This workshop explores a framework for systematic performance evaluation, enabling Boards to fulfill their “duty of oversight” in a manner that improves performance while dramatically reducing the surprises and drama that often cause strife and dysfunctional Board/executive relationships. Three key methods of collecting performance data will be described. Examples will be presented illustrating how the CEO’s written presentation of both policy interpretations and data substantiating policy compliance enable boards to assess performance in a fair way, building the crucial alignment between board and management that is integral to maintaining a strong, trusting relationship and sustainable success.

“I’m on the Board: Now, What’s My Job?”

(60 -90 minutes)

Even highly experienced Board members often have conflicting perceptions as to what the primary job of the governing Board is.  When asked, the most common responses include: “strategic planning,” “oversee finances,”  “advise staff,” “set policy,” “raise funds,” “ensure customer satisfaction” and even “help out.”  This workshop concisely presents what the trusteeship role of the Board is and means, and the three key “products” that should be the core of every governing board’s job description.

 Participants gain a clearer understanding of:

  • The legal and fiduciary duties of every board member
  • The three key “job products” of all governing boards.
  • The four key categories of governing policies.
  • Three key methods of performance monitoring.

Key Elements of a Sound Board/CEO Relationship

(75-90 minutes)

This workshop offers ways to define the roles of the Board, its members and the CEO that strengthen communications, support the Board’s role as visionary leaders, and optimize organizational performance and accountability.

Participants will explore the key distinctions between staff and board roles, and how boards can fulfill their role best by focusing particularly on purpose, rather than process, while defining the parameters/boundaries within which the CEO and staff are empowered to operate.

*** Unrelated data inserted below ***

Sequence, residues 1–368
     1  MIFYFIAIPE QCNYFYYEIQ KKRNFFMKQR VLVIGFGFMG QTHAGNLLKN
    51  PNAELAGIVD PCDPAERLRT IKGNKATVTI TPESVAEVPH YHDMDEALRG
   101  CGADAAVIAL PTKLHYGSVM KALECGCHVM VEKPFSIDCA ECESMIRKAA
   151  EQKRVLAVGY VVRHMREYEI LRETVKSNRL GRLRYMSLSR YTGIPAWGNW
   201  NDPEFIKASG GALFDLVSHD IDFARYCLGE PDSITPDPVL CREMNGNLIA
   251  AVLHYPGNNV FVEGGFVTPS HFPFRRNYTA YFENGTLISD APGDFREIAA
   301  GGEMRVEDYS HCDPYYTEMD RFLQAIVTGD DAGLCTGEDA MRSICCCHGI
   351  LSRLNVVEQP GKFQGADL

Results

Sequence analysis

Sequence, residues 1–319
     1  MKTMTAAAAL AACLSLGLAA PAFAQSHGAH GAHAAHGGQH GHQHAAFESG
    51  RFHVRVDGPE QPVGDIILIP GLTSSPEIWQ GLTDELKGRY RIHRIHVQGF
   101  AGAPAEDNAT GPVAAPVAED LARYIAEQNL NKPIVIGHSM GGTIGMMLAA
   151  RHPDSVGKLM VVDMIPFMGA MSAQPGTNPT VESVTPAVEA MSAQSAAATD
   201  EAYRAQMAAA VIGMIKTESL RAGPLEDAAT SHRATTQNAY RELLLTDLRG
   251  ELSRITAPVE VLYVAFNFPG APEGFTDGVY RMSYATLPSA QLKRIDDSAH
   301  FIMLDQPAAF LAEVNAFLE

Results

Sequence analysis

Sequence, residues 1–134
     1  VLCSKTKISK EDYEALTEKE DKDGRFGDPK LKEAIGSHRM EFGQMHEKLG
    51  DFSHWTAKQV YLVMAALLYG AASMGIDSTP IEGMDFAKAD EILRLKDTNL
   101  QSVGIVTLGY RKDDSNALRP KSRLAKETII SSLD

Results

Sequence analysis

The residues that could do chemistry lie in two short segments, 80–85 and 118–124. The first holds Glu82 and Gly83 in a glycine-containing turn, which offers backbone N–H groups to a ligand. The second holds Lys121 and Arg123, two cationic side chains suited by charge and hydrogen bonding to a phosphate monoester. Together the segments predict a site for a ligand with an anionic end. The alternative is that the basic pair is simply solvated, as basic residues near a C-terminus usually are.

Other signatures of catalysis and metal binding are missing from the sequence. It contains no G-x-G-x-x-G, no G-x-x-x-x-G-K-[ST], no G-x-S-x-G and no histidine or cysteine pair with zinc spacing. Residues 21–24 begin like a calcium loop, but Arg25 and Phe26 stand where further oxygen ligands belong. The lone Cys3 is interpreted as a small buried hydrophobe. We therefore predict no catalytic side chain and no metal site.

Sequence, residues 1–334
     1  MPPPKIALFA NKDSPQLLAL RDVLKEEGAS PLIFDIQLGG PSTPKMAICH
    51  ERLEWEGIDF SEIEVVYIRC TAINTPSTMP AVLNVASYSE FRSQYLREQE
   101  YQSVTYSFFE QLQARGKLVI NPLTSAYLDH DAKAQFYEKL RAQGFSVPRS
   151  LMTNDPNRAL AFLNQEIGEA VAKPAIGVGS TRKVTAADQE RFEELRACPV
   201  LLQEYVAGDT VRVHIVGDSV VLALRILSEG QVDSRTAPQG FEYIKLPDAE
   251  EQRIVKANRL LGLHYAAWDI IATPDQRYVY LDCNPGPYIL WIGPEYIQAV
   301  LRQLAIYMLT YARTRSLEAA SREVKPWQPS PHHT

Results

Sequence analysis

Participants will achieve understanding of techniques to:

  • Differentiate board from executive leadership
  • Delegate effectively
  • Exercise group authority
  • Define success in terms of outcomes, not activities.

What You Don’t Know Will Hurt You: The Legal/Fiduciary Responsibilities of Board Members

(75-90 minutes)

Many of our clients’ attorneys have praised this workshop as an extraordinary way to educate non-attorney board members about their primary legal obligations (Duty of Care, Duty of Oversight, Duty of Loyalty, etc.).   Attendees gain an understanding of how breaches of these duties usually occur, and of key steps that can be taken to avoid organizational and personal liability through fulfillment of these responsibilities.

How Healthy Are We? Board Self-Assessment  

(75-90 minutes)

Successful teams recognizing the importance of periodic assessment of how well they are performing, and how they may improve.   Boards are no different.   This workshop provides guidance on the “why”, “when” “what” and “how” of meaningful Board self-evaluation and subsequent performance improvement.  Participants learn the four key areas of Board self-assessment, examples of good forms/tools, and the common mistakes made by Boards in this important process.

Joining a Board? Key Considerations

(60 – 90 minutes)

Designed for leadership development programs, employers and other entities encouraging individuals to become leaders on boards of directors, this workshop helps prospective Board members understand what to ask prior to joining a Board, and what to expect once there.  Content includes a checklist of personal considerations, a review of how expectations of Board members have changed post-Sarbanes-Oxley, and an overview of the legal/fiduciary duties of Board members.

Chairs and CEOs: Who Leads What?

(75 – 90 minutes)

This workshop explains the distinctions between governance and management leadership and the unique needs for the respective positions, with particular focus on viewing the board chair’s role as  “CGO” (Chief Governance Officer).

Need More Information?

Additional information regarding these workshops, and availability of other topics, available on request.